Britain’s Fast Fashion Retailer ASOS Will Revamp Its Business Model Following Slump In Profits

ASOS, the British company that was once regarded as the poster child for the shift to online fashion retailing, is set to overhaul its business model after the economic downturn and a thread of operational issues that severely hit its profits.

While ASOS’s core business in the UK stayed strong, returns from its international operations, particularly in the United States were unsatisfying, according to new CEO José Antonio Ramos Calamonte.

He promised to overhaul ASOS’s “inefficient” supply chain, re-engage its 20-something customers, better leverage its data, cut costs, and refresh its culture.

“The plan over the next 12 months is going to be focusing on simplifying the business and making it more resilient and more flexible,” Ramos Calamonte said.

“We want to be able to deliver more relevant stock and faster to consumers.”

ASOS shares were up 8.8 per cent on Thursday, as investors appreciated the shift and a new agreement with lenders, which reduced 2022 losses to 78%.

ASOS and competitor Boohoo grew quickly as young consumers all over the world snatched up their fast fashions, and demand soared again during the coronavirus pandemic as high street rivals remained closed due ot lockdown measures.

However, supply chain challenges, greater rivalry, and the steep economic downturn have harmed its business model. The ongoing issue of managing customer returns has also weighed on the company.

Ramos Calamonte stated that he was dedicated to free returns.

Last month, Boohoo, which does charge for returns, issued a warning about the outlook.

ASOS made an adjusted pretax profit of 22 million pounds ($24.9 million) in the fiscal year ending August 31, in line with guidance reduced last month and down from the pandemic-boosted 193.6 million pounds made in 2020-21.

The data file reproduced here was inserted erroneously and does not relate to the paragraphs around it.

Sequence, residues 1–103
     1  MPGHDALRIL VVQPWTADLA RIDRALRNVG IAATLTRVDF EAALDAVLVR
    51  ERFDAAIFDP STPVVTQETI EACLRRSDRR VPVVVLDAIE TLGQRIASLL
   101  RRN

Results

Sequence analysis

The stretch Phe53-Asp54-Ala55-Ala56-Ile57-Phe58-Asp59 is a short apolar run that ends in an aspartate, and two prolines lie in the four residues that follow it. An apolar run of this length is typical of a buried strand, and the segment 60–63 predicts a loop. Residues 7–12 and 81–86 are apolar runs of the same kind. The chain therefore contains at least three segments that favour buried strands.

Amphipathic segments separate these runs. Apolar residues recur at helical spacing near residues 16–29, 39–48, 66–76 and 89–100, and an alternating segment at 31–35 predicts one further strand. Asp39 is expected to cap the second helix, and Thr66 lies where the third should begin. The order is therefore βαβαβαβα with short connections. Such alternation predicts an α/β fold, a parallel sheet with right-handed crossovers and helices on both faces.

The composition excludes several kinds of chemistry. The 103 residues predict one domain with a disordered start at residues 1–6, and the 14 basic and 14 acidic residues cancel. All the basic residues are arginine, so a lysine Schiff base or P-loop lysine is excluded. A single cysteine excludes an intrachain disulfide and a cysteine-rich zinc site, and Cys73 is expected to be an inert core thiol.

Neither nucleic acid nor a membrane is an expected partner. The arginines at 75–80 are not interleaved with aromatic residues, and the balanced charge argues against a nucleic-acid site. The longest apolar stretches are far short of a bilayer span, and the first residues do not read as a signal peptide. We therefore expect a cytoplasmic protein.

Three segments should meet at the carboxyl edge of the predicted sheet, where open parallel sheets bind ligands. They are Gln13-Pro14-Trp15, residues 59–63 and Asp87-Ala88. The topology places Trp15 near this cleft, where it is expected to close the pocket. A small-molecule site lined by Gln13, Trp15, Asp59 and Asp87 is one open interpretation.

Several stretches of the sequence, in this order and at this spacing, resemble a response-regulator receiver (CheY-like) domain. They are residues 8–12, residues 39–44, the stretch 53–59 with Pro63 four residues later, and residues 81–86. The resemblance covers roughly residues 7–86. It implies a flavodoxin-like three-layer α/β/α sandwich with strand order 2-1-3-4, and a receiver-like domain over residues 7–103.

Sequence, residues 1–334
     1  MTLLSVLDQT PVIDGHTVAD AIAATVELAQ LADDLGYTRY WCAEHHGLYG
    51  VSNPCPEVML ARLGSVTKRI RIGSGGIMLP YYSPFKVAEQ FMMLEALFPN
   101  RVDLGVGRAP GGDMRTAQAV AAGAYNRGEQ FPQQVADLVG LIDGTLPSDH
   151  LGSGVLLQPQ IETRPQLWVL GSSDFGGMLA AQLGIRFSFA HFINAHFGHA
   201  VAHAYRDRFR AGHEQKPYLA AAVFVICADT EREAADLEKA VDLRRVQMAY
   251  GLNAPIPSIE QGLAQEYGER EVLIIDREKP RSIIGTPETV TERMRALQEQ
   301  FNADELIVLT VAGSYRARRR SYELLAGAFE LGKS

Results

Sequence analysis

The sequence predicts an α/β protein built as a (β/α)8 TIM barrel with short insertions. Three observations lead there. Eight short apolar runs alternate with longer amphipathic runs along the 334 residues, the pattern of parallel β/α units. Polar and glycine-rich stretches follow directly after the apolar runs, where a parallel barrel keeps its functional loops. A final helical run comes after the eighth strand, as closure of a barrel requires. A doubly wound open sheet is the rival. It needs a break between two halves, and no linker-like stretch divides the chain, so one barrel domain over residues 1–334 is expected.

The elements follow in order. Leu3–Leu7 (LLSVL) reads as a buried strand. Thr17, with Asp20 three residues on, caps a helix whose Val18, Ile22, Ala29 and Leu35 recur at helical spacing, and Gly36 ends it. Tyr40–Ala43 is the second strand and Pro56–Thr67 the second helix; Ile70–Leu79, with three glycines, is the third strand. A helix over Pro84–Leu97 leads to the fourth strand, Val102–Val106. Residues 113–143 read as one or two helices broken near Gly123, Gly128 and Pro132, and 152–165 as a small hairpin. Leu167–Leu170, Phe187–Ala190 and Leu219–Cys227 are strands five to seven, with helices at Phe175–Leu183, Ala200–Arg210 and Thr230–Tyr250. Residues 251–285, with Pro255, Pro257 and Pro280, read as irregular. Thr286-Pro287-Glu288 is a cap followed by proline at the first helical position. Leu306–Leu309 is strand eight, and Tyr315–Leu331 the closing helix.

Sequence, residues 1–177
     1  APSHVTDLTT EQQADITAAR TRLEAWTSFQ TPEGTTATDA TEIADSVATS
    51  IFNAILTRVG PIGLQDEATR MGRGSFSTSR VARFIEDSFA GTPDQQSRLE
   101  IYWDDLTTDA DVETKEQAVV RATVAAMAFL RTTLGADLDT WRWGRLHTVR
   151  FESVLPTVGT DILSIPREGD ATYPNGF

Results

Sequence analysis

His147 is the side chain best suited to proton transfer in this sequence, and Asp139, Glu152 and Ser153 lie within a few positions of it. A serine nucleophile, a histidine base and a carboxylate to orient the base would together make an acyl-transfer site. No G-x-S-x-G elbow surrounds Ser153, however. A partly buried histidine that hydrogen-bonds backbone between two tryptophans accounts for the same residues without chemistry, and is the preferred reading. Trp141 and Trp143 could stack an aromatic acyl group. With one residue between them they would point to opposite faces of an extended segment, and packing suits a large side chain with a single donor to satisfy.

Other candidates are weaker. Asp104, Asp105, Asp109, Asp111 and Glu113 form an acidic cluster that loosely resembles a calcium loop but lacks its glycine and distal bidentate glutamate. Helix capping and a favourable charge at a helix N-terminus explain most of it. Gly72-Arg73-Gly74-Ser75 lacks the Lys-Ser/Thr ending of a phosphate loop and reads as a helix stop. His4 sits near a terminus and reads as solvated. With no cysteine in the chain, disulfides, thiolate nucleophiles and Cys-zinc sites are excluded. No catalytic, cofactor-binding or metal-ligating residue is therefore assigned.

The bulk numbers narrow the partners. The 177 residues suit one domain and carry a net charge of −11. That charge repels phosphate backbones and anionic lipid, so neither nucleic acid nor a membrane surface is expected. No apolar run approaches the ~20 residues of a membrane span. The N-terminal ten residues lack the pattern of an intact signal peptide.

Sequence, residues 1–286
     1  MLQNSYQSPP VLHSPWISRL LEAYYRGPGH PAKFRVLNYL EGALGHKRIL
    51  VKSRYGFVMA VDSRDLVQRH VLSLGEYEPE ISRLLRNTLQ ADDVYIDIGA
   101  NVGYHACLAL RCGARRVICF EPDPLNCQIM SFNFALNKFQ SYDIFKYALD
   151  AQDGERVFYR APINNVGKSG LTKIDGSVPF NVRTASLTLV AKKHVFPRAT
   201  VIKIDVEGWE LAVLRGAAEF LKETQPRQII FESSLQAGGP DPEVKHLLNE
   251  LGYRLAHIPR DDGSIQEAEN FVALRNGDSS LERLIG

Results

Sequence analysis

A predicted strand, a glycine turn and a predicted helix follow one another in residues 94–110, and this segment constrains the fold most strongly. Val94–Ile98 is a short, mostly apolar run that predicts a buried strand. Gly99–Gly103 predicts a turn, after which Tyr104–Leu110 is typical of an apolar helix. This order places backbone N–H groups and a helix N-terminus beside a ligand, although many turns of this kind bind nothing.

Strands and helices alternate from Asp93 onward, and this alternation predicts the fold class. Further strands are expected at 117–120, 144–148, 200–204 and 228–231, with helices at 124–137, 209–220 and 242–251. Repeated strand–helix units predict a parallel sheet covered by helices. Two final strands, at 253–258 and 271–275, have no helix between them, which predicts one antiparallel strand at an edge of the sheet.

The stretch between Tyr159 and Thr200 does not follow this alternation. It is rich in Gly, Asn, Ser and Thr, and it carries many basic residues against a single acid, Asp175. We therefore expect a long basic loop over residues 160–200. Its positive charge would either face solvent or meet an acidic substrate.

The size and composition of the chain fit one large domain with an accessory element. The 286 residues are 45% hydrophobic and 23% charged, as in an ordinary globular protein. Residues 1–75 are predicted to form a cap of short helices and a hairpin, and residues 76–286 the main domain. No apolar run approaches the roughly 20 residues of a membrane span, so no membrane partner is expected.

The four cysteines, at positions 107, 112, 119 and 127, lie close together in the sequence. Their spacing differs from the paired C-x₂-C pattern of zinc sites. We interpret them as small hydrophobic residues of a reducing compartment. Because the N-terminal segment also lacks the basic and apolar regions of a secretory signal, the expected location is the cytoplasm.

It expects a first-half loss as it lowers prices to clear out old inventory, necessitating a non-cash write-off of up to 130 million pounds. Other restructuring charges totaling 40 million pounds will also be incurred.

ASOS will begin to operate with lower stock levels in the second half as order and delivery lead times are reduced. It would also benefit from lower freight rates and cost-cutting measures.

ASOS did not provide profit projections for the full year. Prior to the update, analysts expected an adjusted pretax profit of 61 million pounds.

While trading was volatile, it said September showed a slight improvement over August.

According to Ramos Calamonte, ASOS has more than 650 million pounds in cash and facilities and does not require another equity raise.

Capital spending for 2022-23 is expected to be 175-200 million pounds, down from 200-250 million pounds, with the phasing of automation projects being reviewed.

The CEO stated that he was unconcerned about a takeover bid and did not obsess over the share price.

(Adapted from

Categories: Economy & Finance, Entrepreneurship, Regulations & Legal, Strategy, Sustainability, Uncategorized

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